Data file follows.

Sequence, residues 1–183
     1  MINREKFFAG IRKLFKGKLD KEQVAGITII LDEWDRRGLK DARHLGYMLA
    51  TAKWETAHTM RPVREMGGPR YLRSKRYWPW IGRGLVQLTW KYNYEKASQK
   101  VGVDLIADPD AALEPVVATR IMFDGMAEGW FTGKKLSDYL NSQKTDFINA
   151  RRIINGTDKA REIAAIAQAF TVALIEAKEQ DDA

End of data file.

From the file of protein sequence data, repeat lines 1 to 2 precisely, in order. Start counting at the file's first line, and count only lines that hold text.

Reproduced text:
Sequence, residues 1–183
     1  MINREKFFAG IRKLFKGKLD KEQVAGITII LDEWDRRGLK DARHLGYMLA